Picasso makes a big return to the Art Gallery of Ontario

Pablo Picasso’s “Deux femmes courant sur la plage (La Course)” (Two Women Running on the Beach [The Race) is one of the 147 pieces of art from the Musée National Picasso in Paris on loan to Toronto’s AGO (© Picasso Estate SODRAC (2012) © RMN/Jean-Gilles Berizzi)

Story by Rod Charles
Vacay.ca Deputy Editor

TORONTO — For the first time since 1964, the major works of Pablo Picasso will be displayed in Toronto.

An artistic prodigy, Picasso could draw before he could talk. Born in Spain on October 25, 1881, Picasso was taking art lessons from his father, an art teacher, by the time he was seven years old. By age 30 he had taken Paris — the centre of the art world — by storm.

And after all these years, the Picasso storm is as strong as ever and is showing no signs of easing up. The latest stop for his artwork is in Toronto, where a unique exhibition of his paintings — ones he kept for himself — will be displayed for the public at the Art Gallery of Ontario beginning May 1 and running through August 26. On Tuesday, the doors opened to more than 100 members of the media, who were given a sneak peek of the exhibit. The presentation covers 17,000 square feet of the AGO and consists of 147 works of art, from paintings and sculptures to prints, drawings and photographs dating from 1899 to 1972.

It’s big news in Toronto because the last Picasso show, entitled “Picasso and Man,” was held in 1964 at what was then known as The Art Gallery of Toronto. Open for five weeks, that landmark exhibition drew more than 106,000 people during its five-week run.

For those who may have been a little young to remember this event, don’t worry. There’s a special complementary exhibition happening at the gallery entitled “Look Again: Picasso and Man” and it is the first in the AGO’s new series of Look Again exhibitions devoted exclusively to celebrating the gallery’s history. On the main floor of the art gallery you will get a chance to see the archives of the 1964 show while you’re at the 2012 exhibit.

Also on display from March 24 to September 3 in the Esther & Arthur Gelber Treasury is “Making His Mark: Picasso Prints and Drawings,” a small installation of prints and drawings culled from the AGO’s collection.


Picasso is one of those famous names we know without having to fully understand the depth of his work. A cultural icon, his work covered eight decades and influenced many of his contemporaries as well as modern artists. Forms such as cubism, which he pioneered, inspired the avant-garde art movements of the early 20th century, while his famous works such as “Guernica” offered an artist’s insight into the conflicts that defined the turbulent period between and during the two world wars. Although we have heard stories about him and have been told about his greatness, words, whether written or spoken, don’t do the man justice. For that, you need to share space with the his work, his imagination.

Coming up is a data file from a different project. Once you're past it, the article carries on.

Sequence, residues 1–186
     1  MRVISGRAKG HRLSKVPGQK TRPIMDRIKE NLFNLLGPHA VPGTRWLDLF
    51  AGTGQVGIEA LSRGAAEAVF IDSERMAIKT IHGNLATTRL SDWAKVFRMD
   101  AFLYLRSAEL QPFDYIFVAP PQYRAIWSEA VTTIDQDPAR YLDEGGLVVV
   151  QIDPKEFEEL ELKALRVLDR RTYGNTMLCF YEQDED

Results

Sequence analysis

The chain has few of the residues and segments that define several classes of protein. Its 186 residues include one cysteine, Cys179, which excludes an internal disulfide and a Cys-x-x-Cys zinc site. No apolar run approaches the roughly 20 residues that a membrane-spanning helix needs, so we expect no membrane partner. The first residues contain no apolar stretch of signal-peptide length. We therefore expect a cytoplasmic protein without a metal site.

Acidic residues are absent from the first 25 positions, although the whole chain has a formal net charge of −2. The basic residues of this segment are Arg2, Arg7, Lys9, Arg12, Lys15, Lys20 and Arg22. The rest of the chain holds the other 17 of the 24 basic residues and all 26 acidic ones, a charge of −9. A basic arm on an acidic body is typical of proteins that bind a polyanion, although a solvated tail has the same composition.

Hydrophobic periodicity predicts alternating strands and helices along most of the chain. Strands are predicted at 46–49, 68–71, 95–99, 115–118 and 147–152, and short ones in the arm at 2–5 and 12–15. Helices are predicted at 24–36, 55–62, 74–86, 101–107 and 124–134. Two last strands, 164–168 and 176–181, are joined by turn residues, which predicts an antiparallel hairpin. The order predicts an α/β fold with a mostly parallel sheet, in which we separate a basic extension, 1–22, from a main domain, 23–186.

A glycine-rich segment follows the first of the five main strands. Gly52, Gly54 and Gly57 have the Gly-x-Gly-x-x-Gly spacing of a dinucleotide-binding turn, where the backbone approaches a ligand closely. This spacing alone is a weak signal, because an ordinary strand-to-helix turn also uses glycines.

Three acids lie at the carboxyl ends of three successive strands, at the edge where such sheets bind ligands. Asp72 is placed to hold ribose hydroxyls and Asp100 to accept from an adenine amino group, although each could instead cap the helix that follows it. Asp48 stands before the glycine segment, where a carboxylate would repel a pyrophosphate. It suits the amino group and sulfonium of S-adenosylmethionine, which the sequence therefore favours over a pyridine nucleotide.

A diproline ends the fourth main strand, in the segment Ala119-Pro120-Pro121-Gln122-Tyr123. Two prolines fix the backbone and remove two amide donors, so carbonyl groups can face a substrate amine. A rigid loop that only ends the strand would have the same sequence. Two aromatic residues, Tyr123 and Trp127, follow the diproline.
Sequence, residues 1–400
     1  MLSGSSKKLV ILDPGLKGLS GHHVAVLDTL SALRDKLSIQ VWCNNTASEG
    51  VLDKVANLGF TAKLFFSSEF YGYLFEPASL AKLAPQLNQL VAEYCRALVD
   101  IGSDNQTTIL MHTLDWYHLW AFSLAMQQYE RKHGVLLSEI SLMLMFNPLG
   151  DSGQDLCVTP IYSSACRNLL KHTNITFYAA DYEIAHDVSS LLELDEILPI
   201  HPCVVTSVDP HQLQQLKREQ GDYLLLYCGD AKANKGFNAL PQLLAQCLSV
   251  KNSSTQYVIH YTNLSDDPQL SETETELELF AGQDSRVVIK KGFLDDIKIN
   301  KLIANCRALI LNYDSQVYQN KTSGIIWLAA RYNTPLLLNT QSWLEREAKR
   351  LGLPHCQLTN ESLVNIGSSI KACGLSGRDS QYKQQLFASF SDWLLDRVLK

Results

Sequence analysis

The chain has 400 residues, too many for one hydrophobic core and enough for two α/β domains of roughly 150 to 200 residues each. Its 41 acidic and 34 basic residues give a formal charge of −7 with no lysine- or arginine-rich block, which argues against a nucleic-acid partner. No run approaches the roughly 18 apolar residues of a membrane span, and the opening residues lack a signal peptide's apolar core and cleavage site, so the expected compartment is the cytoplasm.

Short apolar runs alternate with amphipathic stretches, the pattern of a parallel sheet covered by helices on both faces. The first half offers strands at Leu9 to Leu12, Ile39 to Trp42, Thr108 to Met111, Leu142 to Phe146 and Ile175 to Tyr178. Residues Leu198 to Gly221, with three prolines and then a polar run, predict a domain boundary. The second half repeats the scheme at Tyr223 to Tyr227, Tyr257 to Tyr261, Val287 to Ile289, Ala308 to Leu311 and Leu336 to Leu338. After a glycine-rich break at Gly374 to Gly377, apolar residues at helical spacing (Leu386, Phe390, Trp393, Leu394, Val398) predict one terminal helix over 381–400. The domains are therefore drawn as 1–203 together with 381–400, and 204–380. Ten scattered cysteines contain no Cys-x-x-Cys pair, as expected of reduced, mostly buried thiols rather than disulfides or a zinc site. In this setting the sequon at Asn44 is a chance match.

“Figures au bord de la mer” (Figures on the Seashore) is a 1931 oil painting that shows Picasso’s abstract style. (Musée National Picasso, Paris © Picasso Estate SODRAC (2012) © RMN/René-Gabriel Ojéda)

This exhibition, which is only making seven stops worldwide, offers a rare perspective for AGO patrons to get up close to the life and art of Picasso. It features works from his private collection, now in the holdings of the Musée National Picasso in Paris.

“The Musée National Picasso, Paris, is a living legacy to one of the most influential and radical figures of modern art. Its collection is made up of the works the artist kept for himself and his family, making this exhibition of the collection’s masterpieces a rare glimpse of ‘Picasso’s Picassos,’” says Matthew Teitelbaum, AGO director and CEO. “We at the AGO are proud to be the only Canadian institution to present this truly unparalleled exhibition. Picasso’s artistry was constantly evolving, and this particular collection offers our members and visitors a rare opportunity to experience the entire trajectory of his artistic achievement.”

Address: 317 Dundas Street West, Toronto (see map below)
Public transportation: Take the TTC subway to St. Patrick station and walk three blocks west along Dundas Street to the museum. Or take the Dundas Street streetcar to either McCaul Street (if travelling east) or Beverly Street (if travelling west) and you will be in front of the museum. TTC tokens for subways and streetcars is $3 for one way. [Read more on how to Get Into and Around Toronto]
Telephone: 416-979-6648/1-877-225-4246 (toll-free)
Website: www.ago.net
Picasso Exhibit: Click here for more information

Art Gallery of Ontaro Hours
Monday: Closed
Tuesday, Thursday-Sunday: 10 am–5:30 pm
Wednesday: 10 am–8:30 pm

Timed-entry tickets to this family-friendly exhibition range from $16.50 for youth visitors to $25 for adults. Admission is free for AGO members and for children ages 5 and under. Tickets can be booked online by visiting ago.net/picasso.
Adults                 Picasso Masterpieces:  $25                    General Admission: $19
Senior (65+)     Picasso Masterpieces: $21                     General Admission: $16
Youth  (6-17)   Picasso Masterpieces:  $16.50             General Admission:  $11

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Rod has previously worked for Canoe.ca and is currently freelancing for Huffington Post Travel. He’s also written travel articles for the Toronto Star and Up! Magazine. Living in Toronto but raised in the small central Ontario village of Holstein, Rod is a country boy at heart who has never met a farmer’s market he didn’t like.

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